A testimony to the net surfer's spirit
By Alexandra Posadzki
It's no mystery that the internet loves stupid.
That was one of the themes that David Topping, editor-in-chief of Torontoist.com, touched on during his lecture at the mini ORCUP (Ontario Regional Canadian University Press) conference hosted Saturday by U of T's student paper, The Strand.
Topping raises a valid point. Most of us have probably seen more cute pictures of animals doing human-like things on the net than we have read intelligent, thought-provoking articles.
Topping pointed out how two of the posts on Torontoist that have gotten the largest number of hits lately are a video of a pigeon getting off the subway at Runnymede and a hilarious clip of Jack Layton celebrating Canada's Olympic gold hockey victory.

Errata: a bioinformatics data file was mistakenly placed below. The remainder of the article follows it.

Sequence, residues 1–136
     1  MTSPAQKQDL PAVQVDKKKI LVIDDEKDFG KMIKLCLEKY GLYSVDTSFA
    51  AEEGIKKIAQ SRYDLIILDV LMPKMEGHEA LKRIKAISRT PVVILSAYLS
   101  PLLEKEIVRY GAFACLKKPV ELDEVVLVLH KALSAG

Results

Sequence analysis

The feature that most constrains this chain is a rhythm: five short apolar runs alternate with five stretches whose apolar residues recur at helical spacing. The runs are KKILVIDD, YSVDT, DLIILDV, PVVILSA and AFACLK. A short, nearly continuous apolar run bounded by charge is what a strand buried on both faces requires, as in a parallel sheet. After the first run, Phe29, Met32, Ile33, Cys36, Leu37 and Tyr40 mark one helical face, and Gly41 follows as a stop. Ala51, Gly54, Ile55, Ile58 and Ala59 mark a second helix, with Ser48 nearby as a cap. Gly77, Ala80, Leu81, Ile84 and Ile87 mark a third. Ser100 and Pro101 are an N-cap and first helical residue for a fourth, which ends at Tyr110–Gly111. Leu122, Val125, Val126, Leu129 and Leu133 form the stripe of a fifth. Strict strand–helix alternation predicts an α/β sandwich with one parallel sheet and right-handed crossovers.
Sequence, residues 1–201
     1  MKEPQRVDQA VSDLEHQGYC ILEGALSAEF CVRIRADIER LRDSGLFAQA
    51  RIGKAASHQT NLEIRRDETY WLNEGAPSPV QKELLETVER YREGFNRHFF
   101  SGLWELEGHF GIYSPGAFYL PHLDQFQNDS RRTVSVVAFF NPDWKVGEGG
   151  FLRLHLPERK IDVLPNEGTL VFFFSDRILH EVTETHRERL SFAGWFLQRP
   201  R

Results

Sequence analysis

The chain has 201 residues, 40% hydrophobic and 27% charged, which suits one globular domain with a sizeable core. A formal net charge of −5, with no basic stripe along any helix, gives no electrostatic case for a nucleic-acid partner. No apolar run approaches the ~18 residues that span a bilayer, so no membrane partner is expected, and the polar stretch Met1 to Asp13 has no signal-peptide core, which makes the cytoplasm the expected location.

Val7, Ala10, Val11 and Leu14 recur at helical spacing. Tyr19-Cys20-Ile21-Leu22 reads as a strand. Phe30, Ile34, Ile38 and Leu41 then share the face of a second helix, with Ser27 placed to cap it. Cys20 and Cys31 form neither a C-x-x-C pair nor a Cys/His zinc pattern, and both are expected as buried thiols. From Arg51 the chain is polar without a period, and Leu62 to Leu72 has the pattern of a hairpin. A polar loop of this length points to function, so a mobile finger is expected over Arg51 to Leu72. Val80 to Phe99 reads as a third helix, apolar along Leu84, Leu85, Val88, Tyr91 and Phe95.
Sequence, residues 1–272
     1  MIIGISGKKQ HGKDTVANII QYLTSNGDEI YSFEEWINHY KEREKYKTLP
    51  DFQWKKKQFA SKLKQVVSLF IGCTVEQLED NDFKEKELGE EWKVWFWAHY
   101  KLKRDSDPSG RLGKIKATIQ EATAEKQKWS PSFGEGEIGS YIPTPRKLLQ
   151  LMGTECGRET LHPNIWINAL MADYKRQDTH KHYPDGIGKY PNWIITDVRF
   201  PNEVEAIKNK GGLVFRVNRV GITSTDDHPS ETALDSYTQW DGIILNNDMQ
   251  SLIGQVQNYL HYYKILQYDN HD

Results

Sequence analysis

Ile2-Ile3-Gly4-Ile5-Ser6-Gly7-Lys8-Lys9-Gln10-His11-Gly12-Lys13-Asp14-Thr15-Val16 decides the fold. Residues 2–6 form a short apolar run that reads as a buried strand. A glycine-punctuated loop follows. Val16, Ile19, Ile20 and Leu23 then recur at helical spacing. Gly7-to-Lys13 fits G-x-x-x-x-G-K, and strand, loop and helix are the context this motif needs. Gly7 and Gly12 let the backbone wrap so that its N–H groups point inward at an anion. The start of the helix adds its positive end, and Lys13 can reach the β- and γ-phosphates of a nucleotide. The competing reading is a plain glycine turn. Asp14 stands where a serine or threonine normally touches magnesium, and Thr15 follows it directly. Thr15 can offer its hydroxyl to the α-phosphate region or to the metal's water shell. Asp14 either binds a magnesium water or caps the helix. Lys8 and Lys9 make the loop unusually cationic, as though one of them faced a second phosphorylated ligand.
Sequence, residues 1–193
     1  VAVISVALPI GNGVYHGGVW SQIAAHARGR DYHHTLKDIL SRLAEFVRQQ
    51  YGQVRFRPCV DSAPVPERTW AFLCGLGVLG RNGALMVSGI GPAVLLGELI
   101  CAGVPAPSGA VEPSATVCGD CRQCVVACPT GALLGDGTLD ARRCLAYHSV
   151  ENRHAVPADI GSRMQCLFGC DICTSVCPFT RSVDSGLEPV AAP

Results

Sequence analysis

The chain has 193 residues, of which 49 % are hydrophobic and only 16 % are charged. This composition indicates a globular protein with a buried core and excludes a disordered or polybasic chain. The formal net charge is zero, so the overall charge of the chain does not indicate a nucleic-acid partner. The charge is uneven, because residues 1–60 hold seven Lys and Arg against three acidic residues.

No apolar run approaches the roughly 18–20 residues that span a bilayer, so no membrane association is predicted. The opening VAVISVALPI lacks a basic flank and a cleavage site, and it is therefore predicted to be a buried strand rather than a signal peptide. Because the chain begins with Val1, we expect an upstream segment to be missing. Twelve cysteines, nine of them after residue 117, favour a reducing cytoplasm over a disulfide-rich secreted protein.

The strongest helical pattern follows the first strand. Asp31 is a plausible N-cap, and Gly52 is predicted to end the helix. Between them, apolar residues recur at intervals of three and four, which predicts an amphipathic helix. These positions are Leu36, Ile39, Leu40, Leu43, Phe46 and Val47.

While the fact that we seem to enjoy watching goofy videos more than digesting anything intelligible is a little troubling, it's certainly not surprising. Most of us can admit that we're easily amused and get a good chuckle or two out of what Topping describes in his post as a "testimony to the pigeon spirit."
What's a little more troubling, however, is a recent trend amongst newspapers to begin emulating the internet in order to gain readers' attention. The fact that stories about facebook are making headlines and twitpics are gracing the front pages of many papers is challenging our notion of what is truly newsworthy these days.
My hope is that, as the news industry continues to shrink and newspapers transition predominantly to the net, journalists will continue to make decisions that favour integrity, rather than stooping to the level of cheap internet memes.
Alexandra Posadzki (email@example.com) is a radio room intern at the Toronto Star and the Editor-in-Chief of Excalibur, York University's community newspaper.